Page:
COCA-COLA HAS announced that closure of its concentrate manufacturing plant in Athy, leading to the loss of more than 80 jobs at the facility.
The company said that it was planning to shift production from the Co Kildare factory to a high-capacity plant in Mayo.
Coca-Cola said 43 of the 82 roles being axed at Athy would be transferred to the Ballina facility and existing staff would have the option of moving with their positions to the other facility.
In a statement, the company said it will “commence a period of consultation with employee representatives at Athy International Concentrates”. Coca-Cola said it planned to close the plant on a phased basis from September this year until the end of 2019.
“If the transfer goes ahead and the Athy plant closes, in addition to a redundancy package, the company will be providing supports including financial advice, job search and re-training for the employees affected,” the company said.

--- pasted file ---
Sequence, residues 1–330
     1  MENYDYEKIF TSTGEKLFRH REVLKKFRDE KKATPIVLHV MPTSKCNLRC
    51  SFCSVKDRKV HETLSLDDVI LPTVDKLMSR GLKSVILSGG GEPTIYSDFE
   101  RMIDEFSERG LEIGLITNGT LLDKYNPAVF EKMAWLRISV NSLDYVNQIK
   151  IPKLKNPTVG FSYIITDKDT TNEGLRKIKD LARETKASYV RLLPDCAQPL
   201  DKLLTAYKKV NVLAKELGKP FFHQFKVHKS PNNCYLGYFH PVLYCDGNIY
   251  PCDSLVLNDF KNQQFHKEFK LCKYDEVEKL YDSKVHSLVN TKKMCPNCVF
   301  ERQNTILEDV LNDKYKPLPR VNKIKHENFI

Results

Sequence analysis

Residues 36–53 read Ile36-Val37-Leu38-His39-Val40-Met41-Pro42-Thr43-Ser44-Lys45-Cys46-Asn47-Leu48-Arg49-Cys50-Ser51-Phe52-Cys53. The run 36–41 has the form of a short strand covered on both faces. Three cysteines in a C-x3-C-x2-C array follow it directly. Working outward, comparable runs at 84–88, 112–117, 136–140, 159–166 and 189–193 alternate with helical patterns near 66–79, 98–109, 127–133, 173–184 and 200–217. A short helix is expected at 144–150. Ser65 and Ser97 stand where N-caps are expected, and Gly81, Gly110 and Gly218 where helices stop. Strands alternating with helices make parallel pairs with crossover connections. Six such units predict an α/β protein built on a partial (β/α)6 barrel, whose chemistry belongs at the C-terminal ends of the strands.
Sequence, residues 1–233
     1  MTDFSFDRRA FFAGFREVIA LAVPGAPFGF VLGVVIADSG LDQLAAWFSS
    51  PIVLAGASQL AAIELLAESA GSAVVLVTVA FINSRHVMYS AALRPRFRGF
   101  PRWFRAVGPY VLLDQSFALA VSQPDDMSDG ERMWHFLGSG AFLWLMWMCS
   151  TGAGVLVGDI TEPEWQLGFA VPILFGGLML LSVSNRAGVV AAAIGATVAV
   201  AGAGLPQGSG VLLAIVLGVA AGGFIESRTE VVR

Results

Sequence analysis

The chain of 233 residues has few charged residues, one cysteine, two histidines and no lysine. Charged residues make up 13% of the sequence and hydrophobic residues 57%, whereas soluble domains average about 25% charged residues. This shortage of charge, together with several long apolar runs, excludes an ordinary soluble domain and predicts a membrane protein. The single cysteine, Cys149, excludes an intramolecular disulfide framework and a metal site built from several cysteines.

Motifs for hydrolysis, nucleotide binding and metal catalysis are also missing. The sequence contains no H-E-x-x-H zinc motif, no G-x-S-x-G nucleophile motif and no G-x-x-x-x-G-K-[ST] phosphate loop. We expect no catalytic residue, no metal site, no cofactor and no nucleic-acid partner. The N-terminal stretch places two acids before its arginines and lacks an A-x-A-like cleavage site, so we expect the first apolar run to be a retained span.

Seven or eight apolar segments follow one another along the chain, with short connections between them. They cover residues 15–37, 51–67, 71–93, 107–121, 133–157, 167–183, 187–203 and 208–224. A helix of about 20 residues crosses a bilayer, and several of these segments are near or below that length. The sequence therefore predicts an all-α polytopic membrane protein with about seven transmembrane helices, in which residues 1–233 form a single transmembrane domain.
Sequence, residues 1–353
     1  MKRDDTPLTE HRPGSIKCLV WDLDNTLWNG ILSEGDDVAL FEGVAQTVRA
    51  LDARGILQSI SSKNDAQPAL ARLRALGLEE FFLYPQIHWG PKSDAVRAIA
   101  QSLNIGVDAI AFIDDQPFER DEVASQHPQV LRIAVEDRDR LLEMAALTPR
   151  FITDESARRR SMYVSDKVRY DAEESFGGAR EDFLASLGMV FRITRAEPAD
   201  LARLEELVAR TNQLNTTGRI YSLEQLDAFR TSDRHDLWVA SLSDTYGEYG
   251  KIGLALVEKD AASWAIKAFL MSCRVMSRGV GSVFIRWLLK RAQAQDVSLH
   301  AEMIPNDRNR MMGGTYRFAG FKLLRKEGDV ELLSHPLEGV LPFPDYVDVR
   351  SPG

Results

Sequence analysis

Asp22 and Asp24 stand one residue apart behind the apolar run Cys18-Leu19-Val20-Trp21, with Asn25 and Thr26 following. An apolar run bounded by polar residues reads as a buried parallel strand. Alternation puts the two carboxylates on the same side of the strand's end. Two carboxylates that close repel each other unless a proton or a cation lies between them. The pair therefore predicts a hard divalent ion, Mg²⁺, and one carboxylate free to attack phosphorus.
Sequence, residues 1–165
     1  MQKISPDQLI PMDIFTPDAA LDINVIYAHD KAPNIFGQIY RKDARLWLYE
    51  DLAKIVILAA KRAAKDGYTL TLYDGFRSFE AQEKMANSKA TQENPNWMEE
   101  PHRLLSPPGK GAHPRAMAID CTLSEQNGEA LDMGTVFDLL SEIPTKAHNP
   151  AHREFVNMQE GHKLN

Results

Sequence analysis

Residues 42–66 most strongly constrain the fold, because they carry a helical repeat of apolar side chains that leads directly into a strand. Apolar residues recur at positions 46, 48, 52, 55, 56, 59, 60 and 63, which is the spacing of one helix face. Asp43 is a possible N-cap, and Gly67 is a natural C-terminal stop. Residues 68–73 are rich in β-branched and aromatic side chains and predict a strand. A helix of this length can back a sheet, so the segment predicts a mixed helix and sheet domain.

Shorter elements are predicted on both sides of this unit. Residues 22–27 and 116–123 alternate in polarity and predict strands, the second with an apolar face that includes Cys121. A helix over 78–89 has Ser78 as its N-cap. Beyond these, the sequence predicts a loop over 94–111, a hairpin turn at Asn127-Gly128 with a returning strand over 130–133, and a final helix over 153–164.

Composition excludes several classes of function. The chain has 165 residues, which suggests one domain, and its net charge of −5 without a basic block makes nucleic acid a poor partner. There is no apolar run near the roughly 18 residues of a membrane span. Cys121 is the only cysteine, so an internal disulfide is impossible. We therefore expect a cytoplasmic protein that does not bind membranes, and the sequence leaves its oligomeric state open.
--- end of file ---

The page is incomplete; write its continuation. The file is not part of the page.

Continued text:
“We also have enjoyed an extremely positive relationship with the local community and we will continue to engage with them on community initiatives that will benefit the town for the long-term.”
Allan Shine, CEO of County Kildare Chamber of Commerce, said that the announcement of the job losses is “extremely disappointing”.
“We have been in touch with Athy Concentrates this afternoon to offer our support for the employees who this afternoon received this shocking news,” Shine said.
“We will offer a wide range of supports to the company and its employees over the forthcoming weeks but our immediate thoughts are with those affected by today’s news,” he said.
Coca-Cola acquired the Athy plant in 2000, however the site has been in operation since the 1970s. The company also closed a plant in Drogheda around 10 years ago, resulting in the loss of approximately 250 jobs.
Together with its bottling and distribution offshoot, Coca-Cola Hellenic Bottling Company, the Coca-Cola group still employs approximately 1,600 people in Ireland.
The bottling arm reported a profit of €9.85 million in 2016, according to its most recent accounts, an increase on the €6.2 million figure it recorded the previous year.
Its manufacturing and other Irish wings employ an unlimited company structure, which means they do not have to file publicly accessible accounts.
Reporting by Hayley Halpin and Peter Bodkin.